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An American Tail The Mystery of the Night Monster

An American Tail: The Mystery of the Night Monster (also known as An American Tail IV: Fievel meets the Night Monster is the second direct-to-video follow-up to An American Tail and the fourth and final film in the An American Tail series, starring Thomas Dekker as the young Fievel Mousekewitz. This film was released in December 9, 1999 in Germany and July 25, 2000 in the USA. Similar to the atrocious second Secret of NIMH movie, the negative reception of the third installment may have caused Universal Studios to cease production on the franchise, but did managed to do the final chapter. Due to concept issues with the previous film, stricter changes were made, like violent sequences are toned down and the characters that debuted in the previous film are replaced with more less-diverse cast. Changes were also made for some of the original characters as well.

Plot

Fievel, his friend, Tony and his sister, Tanya all get jobs at the local newspaper, where the audience is introduced to Nellie, who wants to be an important reporter, but only gets small assignments, as if she were a secretary to Reed, the newspaper's editor. Throughout the film, Tanya tries to win Reed's heart, while Tony tries to get noticed by Reed and promoted to a reporter. Like in the previous movies, where a mouse installation is directly below its human installation counterpart, the newspaper offices the mice work in is directly underneath the newspaper offices the humans work in.

Nellie gets a chance when she is assigned to report mice who disappear overnight into holes that open up on their floor all over New York City. Reed makes up a, as Nellie calls it, "so-called monster" that lives under Manhattan Monster and takes mice away during the night to add more excitement to the otherwise unimportant story, intending to sell more papers. The night monster creates fears among the readers, as could be expected. Fievel begins having nightmares that cause him to lose sleep because of his fear of the monster; the film opens up with Fievel having a dream about being chased by what he thinks the monster looks like. When, through Tanya, he is assigned the job of following Nellie and drawing up interperatations of what the monster looks like based on witness testimony, this makes his insomnia all the worse. A particularly suspicious miniature French poodle named Madame Mousey, who has started living among the mice about this time, appears at every crime scene, claiming to be a fortune teller. The heroes finally decide to investigate her by means of the "dog council" that meets at Central Park. They also search down one of the holes, which leads directly to a group of cats known as the infamous Outlaw Cats hiding in the sewers. Also, all the mice that had disappeared are being held in wood cages there, to be sold off to other cats and eaten.

The night monster itself, a mechanic device with ghastly flashing pictures and a circular saw, is revealed in full when it attacks the mice newspaper office and printing press to prevent them from printing the truth, which they had just discovered. A great chase scene takes place throughout both the mouse and the human newspaper offices. Reed reveals that he was in love with Nellie all along, leaving Tanya intensely disheartned. When all the cats seem to be under control, the "dog council" appears just as they're regaining consciousness and chase them all away, taking Madame Mousey with them. The last scene takes place at the beach, where the audience is told that the "dog council" had chosen for the French poodle (who was the mastermind behind the night monster all along) a punishment worse than prison: returning her to her owner, Mrs. Abernathy. Mama Mousekewitz, Fievel's mother, surmises saying that now that the mystery has been cleared up, Fievel may finally go to sleep, only to turn around and find him already asleep on the beach towel.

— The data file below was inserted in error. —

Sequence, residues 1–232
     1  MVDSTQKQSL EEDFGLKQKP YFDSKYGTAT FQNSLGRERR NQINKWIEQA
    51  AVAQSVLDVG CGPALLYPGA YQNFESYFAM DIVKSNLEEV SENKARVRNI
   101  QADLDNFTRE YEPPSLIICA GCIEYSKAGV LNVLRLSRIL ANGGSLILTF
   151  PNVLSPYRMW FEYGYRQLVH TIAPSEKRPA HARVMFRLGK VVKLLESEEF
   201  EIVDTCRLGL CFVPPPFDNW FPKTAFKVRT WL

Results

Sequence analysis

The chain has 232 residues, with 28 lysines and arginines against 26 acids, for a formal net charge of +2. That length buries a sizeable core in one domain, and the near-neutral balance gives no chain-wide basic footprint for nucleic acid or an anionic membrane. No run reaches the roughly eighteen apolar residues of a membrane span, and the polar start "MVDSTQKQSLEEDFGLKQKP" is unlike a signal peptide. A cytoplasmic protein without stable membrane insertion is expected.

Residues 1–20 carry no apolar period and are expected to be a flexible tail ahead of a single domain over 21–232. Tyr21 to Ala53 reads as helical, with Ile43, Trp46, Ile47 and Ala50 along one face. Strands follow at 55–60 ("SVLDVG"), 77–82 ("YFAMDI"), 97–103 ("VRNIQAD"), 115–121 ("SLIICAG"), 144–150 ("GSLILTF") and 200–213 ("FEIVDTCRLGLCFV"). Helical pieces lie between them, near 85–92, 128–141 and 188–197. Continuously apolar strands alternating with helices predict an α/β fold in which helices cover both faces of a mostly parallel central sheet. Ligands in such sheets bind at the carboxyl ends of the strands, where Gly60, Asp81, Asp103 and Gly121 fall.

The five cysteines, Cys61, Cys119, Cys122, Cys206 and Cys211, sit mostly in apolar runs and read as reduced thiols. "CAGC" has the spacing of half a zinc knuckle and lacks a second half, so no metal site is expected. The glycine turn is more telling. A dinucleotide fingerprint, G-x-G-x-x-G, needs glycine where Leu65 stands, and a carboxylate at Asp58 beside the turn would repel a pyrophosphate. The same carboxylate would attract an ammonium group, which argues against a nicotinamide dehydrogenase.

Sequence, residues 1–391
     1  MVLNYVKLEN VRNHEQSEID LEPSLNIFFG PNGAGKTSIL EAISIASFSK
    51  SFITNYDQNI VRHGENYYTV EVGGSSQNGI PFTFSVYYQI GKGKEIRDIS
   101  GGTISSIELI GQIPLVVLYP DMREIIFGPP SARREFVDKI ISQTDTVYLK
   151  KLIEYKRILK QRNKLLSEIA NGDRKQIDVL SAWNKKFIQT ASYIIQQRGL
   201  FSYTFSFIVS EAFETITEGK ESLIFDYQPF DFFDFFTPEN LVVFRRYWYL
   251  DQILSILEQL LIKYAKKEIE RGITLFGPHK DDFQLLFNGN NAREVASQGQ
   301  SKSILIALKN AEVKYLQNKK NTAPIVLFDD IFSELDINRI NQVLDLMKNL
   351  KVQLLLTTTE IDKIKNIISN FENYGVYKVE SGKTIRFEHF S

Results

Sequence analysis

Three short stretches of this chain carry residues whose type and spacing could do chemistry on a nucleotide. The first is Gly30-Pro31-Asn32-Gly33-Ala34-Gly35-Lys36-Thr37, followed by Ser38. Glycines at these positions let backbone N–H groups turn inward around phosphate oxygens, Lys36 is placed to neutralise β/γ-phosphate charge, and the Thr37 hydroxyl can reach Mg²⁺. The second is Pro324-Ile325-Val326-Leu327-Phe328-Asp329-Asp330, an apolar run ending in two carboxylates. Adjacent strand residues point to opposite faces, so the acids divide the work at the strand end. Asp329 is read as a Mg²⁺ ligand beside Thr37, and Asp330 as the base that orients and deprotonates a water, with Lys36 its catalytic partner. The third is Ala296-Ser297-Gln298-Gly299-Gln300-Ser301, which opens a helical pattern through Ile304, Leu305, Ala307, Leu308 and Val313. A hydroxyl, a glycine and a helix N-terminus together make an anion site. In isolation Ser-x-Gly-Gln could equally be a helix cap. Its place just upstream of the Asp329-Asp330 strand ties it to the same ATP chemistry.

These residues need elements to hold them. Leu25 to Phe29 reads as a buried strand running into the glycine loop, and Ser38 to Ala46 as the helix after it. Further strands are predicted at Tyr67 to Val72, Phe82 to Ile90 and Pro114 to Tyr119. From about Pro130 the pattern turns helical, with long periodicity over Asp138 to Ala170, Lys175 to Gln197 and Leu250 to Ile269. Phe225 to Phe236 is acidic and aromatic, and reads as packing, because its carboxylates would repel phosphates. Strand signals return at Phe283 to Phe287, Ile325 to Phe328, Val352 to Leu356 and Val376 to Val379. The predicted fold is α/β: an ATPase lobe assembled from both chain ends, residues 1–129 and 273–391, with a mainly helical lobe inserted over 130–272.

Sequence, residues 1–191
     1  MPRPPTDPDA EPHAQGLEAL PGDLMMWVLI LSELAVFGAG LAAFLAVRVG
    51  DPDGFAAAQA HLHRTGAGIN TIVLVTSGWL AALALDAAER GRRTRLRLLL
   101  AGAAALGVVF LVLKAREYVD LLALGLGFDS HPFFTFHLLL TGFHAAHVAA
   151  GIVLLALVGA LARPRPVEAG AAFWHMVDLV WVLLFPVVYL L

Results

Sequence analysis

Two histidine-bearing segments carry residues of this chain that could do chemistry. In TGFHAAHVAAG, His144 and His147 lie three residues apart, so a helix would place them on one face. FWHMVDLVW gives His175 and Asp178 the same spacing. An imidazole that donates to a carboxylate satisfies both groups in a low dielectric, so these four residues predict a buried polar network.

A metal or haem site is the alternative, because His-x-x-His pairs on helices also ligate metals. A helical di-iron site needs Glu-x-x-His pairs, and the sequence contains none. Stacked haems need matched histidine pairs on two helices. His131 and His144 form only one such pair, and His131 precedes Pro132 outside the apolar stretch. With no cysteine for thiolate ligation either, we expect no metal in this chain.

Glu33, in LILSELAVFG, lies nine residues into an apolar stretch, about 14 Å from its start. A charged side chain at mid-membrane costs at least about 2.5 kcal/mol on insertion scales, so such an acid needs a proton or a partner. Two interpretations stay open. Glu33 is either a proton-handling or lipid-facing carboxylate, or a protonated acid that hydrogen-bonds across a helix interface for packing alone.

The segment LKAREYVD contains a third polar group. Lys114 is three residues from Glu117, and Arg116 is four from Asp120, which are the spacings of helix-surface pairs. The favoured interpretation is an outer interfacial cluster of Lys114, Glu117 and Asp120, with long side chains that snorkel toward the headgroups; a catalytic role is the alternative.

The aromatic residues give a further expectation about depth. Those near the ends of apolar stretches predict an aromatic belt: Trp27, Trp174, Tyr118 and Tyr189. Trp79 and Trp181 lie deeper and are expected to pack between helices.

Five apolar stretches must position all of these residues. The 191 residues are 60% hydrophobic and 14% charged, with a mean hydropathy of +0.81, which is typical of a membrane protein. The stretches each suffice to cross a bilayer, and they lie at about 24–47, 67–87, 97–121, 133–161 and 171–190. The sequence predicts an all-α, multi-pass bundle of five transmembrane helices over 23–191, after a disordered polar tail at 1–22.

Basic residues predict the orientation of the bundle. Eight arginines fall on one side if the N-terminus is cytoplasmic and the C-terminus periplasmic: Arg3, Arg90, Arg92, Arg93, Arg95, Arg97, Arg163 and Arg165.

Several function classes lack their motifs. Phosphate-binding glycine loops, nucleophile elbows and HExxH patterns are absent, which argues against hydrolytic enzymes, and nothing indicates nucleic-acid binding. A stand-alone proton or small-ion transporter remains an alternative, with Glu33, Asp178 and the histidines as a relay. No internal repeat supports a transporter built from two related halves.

Voice Talents

Songs

Animation style

DTV animation comparison

The comparison with the characters shown from the distance between the third and fourth films

In comparison with the two theatrical features in the American Tail series, both direct-to-video releases falter in animation quality, as typical for direct-to-video cartoons. On top of that, Fievel's fur color was desaturated even though the rest of the Mousekewitz family have kept their original fur color. Which direct-to-video film has the better animation seems to be a matter of opinion, but this film did do a better job of the shots where the characters are tiny.

Trivia

  • This is the second An American Tail media not to include Erica Yohn as the voice of Mama Mousekewitz. The first was Fievel's American Tails.
  • This is the only An American Tail film not to have Tony Toponi romantically involved with anyone else.
  • This marks the last role for Nehemiah Persoff for voicing Papa Mousekewitz in a film before retiring from acting to become a full-time painter.
  • It is the last role for Dom DeLuise as the voice of Tiger before his death in 2009.
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